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can to expand access and to remove barriers to treatment for opioid use disorder including of course fentanyl addiction. we are aiming to prevent additional overdoses from being fatal by supporting and broadening overdose prevention services, including mulox own to resrs overdose, fentanyl test strips to enable people to see if the substance contained fentanyl along with drug checking, same idea and safe consumption. and we are aiming to improve post-overdose outcomes preventing a fatality among people who have experienced a non-fatal overdose by enhancing overdose response teams and their ability to connect people to care. next slide. in strategic area 2, we are aiming to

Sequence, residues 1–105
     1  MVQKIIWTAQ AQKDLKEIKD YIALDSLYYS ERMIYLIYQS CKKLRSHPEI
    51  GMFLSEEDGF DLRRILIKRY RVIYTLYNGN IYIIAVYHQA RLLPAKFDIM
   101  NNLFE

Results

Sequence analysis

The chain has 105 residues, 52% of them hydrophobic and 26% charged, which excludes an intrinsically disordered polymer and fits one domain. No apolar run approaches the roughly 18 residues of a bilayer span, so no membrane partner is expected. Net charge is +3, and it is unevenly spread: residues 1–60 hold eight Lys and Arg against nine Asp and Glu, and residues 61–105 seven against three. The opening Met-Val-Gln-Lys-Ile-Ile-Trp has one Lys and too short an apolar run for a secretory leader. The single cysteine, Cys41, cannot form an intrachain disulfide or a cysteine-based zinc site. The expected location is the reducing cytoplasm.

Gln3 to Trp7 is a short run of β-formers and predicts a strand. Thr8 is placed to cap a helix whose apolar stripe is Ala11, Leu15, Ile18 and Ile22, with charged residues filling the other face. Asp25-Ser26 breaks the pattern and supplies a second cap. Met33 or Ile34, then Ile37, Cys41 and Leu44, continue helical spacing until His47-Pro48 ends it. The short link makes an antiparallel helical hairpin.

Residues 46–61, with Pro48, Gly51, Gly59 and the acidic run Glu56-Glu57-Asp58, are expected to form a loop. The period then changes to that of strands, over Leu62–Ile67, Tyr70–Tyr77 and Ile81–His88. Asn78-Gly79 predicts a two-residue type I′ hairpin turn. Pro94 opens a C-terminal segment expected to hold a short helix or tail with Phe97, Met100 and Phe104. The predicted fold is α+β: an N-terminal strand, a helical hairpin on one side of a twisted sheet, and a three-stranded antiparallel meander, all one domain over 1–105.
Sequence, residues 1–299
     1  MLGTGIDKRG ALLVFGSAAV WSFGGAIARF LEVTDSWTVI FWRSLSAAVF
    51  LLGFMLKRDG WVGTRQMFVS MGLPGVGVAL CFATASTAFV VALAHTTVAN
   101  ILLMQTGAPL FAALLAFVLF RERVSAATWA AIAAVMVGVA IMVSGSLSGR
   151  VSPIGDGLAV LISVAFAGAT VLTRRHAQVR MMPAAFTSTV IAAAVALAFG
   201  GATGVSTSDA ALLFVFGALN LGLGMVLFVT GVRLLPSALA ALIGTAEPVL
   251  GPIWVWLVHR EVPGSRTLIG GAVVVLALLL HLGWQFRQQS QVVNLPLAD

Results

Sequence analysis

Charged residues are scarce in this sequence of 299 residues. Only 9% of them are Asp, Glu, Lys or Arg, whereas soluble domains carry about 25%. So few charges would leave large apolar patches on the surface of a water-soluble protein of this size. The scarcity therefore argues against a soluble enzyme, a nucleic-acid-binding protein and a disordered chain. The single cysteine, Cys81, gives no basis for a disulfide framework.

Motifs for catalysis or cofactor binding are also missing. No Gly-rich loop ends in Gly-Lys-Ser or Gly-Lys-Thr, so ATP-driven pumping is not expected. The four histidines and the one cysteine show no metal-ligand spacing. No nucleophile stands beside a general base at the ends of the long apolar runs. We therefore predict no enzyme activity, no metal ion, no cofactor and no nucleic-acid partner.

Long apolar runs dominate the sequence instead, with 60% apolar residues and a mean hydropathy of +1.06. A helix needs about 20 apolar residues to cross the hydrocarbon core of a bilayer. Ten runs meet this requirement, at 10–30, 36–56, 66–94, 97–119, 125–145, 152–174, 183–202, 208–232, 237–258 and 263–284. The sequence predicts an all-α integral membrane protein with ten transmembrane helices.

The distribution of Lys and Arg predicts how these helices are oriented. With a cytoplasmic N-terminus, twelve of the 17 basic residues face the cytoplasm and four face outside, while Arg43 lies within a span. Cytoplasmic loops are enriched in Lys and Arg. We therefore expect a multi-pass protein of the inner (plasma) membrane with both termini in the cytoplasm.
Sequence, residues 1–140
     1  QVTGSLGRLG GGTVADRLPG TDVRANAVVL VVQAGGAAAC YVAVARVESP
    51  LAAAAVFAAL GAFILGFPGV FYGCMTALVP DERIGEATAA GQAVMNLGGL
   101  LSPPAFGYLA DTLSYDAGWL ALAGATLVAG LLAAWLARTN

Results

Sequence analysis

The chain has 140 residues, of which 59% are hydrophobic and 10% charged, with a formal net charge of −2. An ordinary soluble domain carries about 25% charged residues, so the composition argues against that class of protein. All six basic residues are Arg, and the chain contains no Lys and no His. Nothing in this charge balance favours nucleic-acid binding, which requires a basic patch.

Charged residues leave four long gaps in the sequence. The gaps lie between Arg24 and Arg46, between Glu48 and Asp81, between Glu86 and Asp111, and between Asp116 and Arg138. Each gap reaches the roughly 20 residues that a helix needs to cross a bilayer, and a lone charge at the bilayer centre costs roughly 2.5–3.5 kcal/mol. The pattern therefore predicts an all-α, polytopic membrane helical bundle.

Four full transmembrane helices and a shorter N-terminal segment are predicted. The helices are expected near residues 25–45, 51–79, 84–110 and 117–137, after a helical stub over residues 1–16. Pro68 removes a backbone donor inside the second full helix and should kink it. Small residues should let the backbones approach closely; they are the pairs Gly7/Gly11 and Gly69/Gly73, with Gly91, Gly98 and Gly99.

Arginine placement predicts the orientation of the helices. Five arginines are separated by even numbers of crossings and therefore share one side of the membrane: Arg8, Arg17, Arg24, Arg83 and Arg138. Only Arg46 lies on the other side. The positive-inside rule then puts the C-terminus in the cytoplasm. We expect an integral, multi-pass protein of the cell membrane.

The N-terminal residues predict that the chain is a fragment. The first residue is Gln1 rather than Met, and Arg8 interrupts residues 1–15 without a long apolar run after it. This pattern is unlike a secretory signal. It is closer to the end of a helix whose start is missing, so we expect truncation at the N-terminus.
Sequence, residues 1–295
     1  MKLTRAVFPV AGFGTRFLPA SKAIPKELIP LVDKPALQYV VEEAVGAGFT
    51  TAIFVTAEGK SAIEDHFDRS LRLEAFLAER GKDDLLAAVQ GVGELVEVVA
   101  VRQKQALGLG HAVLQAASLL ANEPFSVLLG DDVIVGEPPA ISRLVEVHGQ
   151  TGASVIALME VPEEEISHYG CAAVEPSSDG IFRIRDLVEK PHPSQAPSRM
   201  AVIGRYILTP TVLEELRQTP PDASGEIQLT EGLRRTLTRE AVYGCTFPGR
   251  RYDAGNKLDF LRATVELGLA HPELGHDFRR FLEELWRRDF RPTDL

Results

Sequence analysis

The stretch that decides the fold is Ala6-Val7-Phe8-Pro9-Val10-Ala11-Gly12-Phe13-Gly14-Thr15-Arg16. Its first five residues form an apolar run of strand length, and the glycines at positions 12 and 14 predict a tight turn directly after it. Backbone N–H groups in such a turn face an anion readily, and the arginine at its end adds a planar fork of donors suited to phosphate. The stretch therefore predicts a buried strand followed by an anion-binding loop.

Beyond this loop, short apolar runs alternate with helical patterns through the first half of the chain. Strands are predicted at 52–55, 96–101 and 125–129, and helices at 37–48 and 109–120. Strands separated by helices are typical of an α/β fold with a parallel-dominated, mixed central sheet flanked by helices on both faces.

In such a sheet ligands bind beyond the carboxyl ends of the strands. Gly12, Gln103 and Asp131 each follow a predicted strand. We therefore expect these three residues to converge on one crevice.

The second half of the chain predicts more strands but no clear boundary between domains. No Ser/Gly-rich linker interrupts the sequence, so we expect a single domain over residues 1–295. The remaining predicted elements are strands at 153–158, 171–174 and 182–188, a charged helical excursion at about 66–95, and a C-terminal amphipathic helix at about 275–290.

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strengthen community engagement and social support for people at high risk for overdose. without increasing these social supports, we think we will have limited success in reversing the overdose crisis and furthermore, the risk of overdose (inaudible) to address these challenges our activities will include more aggressive communication to the public about drug use, it's risks, risk reduction and continuum of services that are available in our city. we are aiming to conduct public overdose response trainings, nuloxon disbution using city wide approach and strengthen and collaboration with community organizations to partnership development and are support to support